Libyan crude output unlikely to flood markets, analysts say

North African country produced 1.2 million bpd in 2018 and 2019 but is not expected to repeat that feat in the near future

Workers perform maintenance on oil pipelines at the Sirte Oil Company refinery in Brega. Libya produced 1.2 million bpd in 2018 and 2019. Reuters
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Crude supply from Opec producer Libya is unlikely to materialise any time soon despite renewed hopes of a ceasefire raising expectations of a resumption in exports from the North African country.

Power cuts and water shortages, which resulted in protests in the capital Tripoli last week, mean that even if reliable production could be maintained, domestic demand would need to be met before substantial exports begin.

Mohammad Darwazah, director of geopolitics and energy at Medley Global Advisers, said Libya faced conflicting challenges that range from the demonstrations against power cuts to pressure from Washington to reopen its oil terminals.

“These factors, however, are not a tipping point yet. It is important to note that any resumption of oil production and exports absent a real agreement between warring parties will not be sustainable,” he said.

Opec+ exempted the North African producer from participating in a historic output restriction deal it unveiled to shore up prices after demand dropped due to the coronavirus pandemic.

Laury Haytayan, Mena director at the Natural Resource Governance Institute, told a webinar organised by Gulf Intelligence last Tuesday that she did not expect crude exports to resume any time soon as there were still protests in Tripoli.

“I know that Libya is not in the [current] Opec agreement. They are exempt from it, but I do not think anything will come out of Libya soon. It’s very complex, let us wait and see,” she said.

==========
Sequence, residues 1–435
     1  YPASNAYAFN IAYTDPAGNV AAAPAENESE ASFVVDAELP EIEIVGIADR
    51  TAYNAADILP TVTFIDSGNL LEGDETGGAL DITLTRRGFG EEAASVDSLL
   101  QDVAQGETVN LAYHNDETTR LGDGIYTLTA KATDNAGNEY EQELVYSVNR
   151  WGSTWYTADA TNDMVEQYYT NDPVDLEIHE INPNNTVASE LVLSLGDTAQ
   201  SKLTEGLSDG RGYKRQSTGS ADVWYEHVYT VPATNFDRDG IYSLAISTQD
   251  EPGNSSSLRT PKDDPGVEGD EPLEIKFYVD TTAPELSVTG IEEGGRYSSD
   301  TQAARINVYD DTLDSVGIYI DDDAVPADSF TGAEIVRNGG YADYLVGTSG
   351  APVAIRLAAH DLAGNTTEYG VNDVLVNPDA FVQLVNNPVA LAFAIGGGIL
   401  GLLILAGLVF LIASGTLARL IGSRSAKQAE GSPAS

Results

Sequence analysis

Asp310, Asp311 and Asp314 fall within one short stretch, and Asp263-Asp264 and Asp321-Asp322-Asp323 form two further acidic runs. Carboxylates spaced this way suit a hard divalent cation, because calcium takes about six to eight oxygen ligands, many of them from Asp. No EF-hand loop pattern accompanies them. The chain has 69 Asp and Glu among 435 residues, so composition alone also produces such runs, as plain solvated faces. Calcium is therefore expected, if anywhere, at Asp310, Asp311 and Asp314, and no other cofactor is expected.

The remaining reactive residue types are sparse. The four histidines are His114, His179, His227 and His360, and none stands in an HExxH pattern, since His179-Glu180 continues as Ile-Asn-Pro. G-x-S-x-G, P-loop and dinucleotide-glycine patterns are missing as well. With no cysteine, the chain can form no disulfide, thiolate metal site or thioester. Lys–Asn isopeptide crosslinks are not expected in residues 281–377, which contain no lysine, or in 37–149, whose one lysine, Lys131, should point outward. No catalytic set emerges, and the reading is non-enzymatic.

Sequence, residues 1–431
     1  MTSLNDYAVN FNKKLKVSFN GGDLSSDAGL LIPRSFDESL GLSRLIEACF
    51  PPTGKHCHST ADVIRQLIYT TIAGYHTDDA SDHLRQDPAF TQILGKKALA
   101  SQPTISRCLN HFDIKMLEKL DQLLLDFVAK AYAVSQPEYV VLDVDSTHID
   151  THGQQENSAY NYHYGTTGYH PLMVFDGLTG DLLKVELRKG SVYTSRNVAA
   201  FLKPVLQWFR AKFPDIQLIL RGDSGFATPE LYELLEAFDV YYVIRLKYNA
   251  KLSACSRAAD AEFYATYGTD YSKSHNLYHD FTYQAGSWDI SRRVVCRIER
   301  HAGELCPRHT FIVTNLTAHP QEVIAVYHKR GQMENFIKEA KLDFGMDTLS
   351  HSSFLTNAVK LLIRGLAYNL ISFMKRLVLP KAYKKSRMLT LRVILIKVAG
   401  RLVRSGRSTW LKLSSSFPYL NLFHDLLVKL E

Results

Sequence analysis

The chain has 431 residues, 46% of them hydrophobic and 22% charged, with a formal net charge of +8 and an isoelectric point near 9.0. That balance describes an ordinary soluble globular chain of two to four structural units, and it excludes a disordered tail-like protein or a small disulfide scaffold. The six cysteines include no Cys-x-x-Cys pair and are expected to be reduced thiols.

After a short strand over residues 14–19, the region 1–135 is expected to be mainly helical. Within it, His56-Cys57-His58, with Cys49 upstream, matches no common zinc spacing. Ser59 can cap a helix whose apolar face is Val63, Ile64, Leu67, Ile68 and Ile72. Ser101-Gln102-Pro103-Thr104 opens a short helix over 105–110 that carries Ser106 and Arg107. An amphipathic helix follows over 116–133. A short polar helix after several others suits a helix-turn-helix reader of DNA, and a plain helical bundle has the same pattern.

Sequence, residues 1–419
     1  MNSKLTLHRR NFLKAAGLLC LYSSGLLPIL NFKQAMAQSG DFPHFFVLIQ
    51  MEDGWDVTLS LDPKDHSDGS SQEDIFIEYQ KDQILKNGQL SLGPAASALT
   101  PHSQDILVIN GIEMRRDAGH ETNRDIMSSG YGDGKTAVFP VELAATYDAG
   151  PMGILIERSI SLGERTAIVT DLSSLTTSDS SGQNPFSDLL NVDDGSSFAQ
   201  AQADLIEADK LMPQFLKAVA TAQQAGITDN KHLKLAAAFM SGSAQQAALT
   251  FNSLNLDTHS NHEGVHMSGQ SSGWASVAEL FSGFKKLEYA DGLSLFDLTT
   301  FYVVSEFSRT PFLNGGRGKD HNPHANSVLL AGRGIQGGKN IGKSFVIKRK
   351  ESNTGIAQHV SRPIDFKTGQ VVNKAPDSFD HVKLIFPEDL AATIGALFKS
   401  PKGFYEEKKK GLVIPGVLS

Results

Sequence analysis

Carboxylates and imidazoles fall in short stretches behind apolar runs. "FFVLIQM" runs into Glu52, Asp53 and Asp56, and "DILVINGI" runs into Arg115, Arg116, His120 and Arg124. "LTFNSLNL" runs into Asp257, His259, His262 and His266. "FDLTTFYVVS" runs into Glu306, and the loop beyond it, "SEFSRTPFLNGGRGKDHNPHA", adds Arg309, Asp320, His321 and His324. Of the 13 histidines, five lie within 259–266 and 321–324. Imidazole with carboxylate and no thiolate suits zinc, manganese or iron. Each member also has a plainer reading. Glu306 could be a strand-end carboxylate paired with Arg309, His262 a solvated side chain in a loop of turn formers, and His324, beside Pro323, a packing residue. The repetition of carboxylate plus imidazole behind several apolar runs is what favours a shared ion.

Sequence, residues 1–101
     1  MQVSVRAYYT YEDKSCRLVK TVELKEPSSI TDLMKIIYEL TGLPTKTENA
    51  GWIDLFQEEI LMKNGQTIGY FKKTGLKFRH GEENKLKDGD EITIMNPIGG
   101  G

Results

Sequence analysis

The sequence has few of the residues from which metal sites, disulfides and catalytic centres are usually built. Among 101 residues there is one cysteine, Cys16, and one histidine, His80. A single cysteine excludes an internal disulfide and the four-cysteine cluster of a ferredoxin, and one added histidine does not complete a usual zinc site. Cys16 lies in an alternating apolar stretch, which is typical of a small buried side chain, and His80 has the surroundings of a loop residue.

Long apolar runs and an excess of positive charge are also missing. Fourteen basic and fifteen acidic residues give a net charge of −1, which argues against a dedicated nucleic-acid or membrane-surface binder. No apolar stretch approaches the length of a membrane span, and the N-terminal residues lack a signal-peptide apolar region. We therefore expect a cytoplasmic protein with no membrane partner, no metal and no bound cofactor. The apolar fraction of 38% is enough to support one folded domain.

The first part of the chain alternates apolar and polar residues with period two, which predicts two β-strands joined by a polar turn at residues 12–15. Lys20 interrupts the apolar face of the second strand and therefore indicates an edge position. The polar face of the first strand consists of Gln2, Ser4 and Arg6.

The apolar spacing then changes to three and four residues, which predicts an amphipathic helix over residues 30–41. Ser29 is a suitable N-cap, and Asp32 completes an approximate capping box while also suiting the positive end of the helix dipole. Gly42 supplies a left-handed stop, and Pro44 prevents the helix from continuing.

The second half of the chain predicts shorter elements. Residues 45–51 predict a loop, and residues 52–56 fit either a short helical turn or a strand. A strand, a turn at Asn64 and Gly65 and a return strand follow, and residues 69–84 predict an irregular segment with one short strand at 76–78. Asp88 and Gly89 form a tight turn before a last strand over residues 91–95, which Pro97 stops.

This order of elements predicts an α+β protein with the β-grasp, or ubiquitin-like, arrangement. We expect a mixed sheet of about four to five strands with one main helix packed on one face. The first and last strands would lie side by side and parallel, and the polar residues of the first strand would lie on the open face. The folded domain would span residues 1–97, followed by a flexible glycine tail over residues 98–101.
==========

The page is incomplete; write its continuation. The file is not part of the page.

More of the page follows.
Libya tentatively lifted a six-month long force majeure in July to resume oil exports.

A force majeure refers to an unforeseen set of circumstances that prevents a party from fulfilling a contract.

However, the ports were closed a day later after forces allied to Field Marshal Khalifa Haftar called for an equitable distribution of oil revenue across the country.

Gen Haftar, who controls the east of the country and is head of the Libyan National Army, allowed port operations to resume earlier this month.

In a televised address, he said the resumption of production would help mitigate electricity shortages by directing more fuel to power plants.

Blockades have resulted in lost Libyan oil production worth $6.5 billion (Dh23.87bn) since the start of the year and led to an increase in the cost of rebuilding infrastructure, according to the Libyan National Oil Corporation. Mr Darwazah said that if Libya restarts production, its output could rise by a few hundred thousand barrels per day within weeks.

However, incremental output increases will become more challenging due to chronic levels of underinvestment, a lack of maintenance and the absence of foreign expertise in the country, he said.

Much of Libya’s oil production was affected by the civil war that erupted after the downfall of Muammar Qaddafi in 2011.

Production, which stood at about 1.75 million bpd before the conflict, fell by 850,000 bpd in the years that followed as protests and blockades prevented crude exports from leaving the country’s ports.

Libya produced 1.2 million bpd in 2018 and 2019 but is "unlikely to repeat" that number in the near future, Mr Darwazah said.

“Guidance from the National Oil Corporation, for example, suggests that the 340,000 bpd-plus Sharara field – the country’s largest – would take 90 days to ramp up. In the past, that process was completed in a matter of weeks,” he said.

Mercedes McKay, an oil analyst at Facts Global Energy, said the lifting of the blockade in Libya was intended to ensure that crude and condensate in storage would flow to power plants to help ease power cuts.

She does not expect Libyan exports to return to the market this year.

“Even if [production] came back up again, we may see more skirmishes take it quickly back offline again, especially since the ceasefire agreements haven’t been successful recently,” she said.

A stalemate will probably continue, with production expected only from Libya’s offshore oilfields, Ms McKay said.